It is not illegal to choose to use the powers that come with the ownership of property to serve other people and the common good. It is legal to form labour cooperatives and other businesses where the workers and the owners are the same people. If we are working in the public sector, we can serve the public, as we ought to be doing, defying Gary Becker`s empirical finding that public servants commonly serve their own interests more than the public interest. It is legal to abolish neoliberalism in our own hearts and in our own corner of the world, by being mission-driven instead of profit-driven. It is legal to defuse the growth imperative created by the BCS by reducing, reusing, and recycling. Nobody has ever been arrested for planting trees to combat global warming and donating to a neighbourhood food bank, instead of spending the same money on a luxury vacation.
The more people deliberately serve the common good, and the more customs change so that conventional behaviour serves the common good, the more the BCS is transformed.
Small is beautiful.
Social democracy got off to a good start in western Europe after World War II, but by 1970 it was becoming clear that globalization was killing it. The BCS gave globalization its ethic –individual before community, named “perfect liberty” by Adam Smith. The BCS gave globalization its jurisprudence –property and contract. Assuming these premises mainstream economics deduced that almost unrestrained globalization was equivalent to maximizing efficiency, rationality, and welfare. In practice globalization has been a global race to the bottom. Nations compete in racing to relax environmental protection, to lower wages, and to lower taxes. Why? To attract investment and to deter capital flight.
Already in 1973 E.F. Schumacher read the handwriting on the wall. Given the BCS and the global social and legal structures the BCS fostered, social democracy was not going to work. Schumacher countered with economics “as if people mattered.” Starting from an ethic of care rooted in Buddhism and other great religions, Schumacher deduced that the global race to the bottom was “institutionalized irresponsibility.”
Today, when a pandemic has taught everyone that it is dangerous to be dependent on long and complex global supply chains, we have great opportunities to transform the BCS by doing local community development.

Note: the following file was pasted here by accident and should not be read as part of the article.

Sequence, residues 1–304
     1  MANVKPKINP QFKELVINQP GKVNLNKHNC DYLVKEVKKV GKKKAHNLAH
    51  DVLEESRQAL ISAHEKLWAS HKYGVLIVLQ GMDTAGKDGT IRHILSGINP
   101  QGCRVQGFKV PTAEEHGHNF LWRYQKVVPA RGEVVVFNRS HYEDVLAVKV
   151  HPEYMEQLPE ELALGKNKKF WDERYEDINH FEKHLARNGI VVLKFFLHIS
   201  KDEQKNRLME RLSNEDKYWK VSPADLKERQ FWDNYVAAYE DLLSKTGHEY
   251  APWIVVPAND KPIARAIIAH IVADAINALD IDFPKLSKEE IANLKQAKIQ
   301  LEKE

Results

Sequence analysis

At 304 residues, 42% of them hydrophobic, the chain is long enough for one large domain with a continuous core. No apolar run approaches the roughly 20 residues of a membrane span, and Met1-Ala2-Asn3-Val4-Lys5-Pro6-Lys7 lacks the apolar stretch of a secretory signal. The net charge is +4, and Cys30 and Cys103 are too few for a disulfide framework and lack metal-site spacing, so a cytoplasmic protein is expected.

Practice ethical reflection. Big is beautiful too.
Dewey and Tufts (Ethics, 1908) traced the early history of moral systems back to tribal customs. Without customary morals our ancestors would not have survived. Nevertheless, Dewey and Tufts write
“… the rules which sum up custom are a confused mixture of class interest, irrational sentiment, authoritative pronunciamiento and genuine considerations of welfare.” (Position 5483)
“Morals” and “ethics” are often treated as synonyms. Here it is important to distinguish them, treating “ethics” as the rational reconsideration, justification, and improvement of morals. Practicing ethical reflection, we critically examine the globally hegemonic BCS, and we also critically examine what Shiv Visvanathan calls “the defeated epistemologies.”
Both the BCS and local morals, as history has bequeathed them to us, too often serve hardwired emotional tendencies inclining toward “us versus them” –love our tribe, hate our tribe´s enemies. A famous piece of evidence for the hardwiring of hostility to “them” is Muzafer Sherif’s Robber´s Cave Experiment (1954). Twelve-year-old boys were randomly assigned to two different groups. In a few days, the groups became so aggressive toward each other that the experiment had to be discontinued.
Going forward from 2021, our survival as a species depends on ethics understood as the improvement of morals. Practicing ethical reflection, we can find our way out of Wittgenstein`s fly bottle. Our minds become reasonable, “adopting a reasonable standpoint, that of the common good.” (Position 5261).
The context of humanity´s common good is one big habitat, earth. There is only one big atmosphere, and only one big biosphere. Evelin Lindner concludes (2020) that we need one big love.
Spirit, soul, mental health.
Fritz Schumacher used to say that the place to start building a mosaic of global fraternal cooperation among resilient local economies was our own “inner work.” We should not assume that you and I are pure in heart while deep anger and fantasies of revenge, are found only among the approximately 7,899,999,998 other human beings on the planet. We should practice and recommend self-improvement.
*Prof. Howard Richards is a member of the TRANSCEND Network for Peace Development Environment. He is a philosopher of social science and Research Professor of Philosophy at Earlham College, Richmond, Indiana, USA. He was educated at Redlands High School in California, Yale, Stanford, University of California at Santa Barbara, University of Toronto, Harvard and Oxford. He currently teaches in the University of Cape Town`s EMBA programme. His books include: The Evaluation of Cultural Action; Letters from Quebec; Understanding the Global Economy; The Dilemmas of Social Democracies; Gandhi and the Future of Economics; Rethinking Thinking; Unbounded Organizing in Community; and The Nurturing of Time Future. His new book, written with the assistance of Gavin Andersson, Economic Theory and Community Development: Why Putting Community First Is Essential for Survival, is now available from the publisher, Dignity Press, and from Amazon and other major booksellers, as a print book and as an eBook. [email protected]
This article originally appeared on Transcend Media Service (TMS)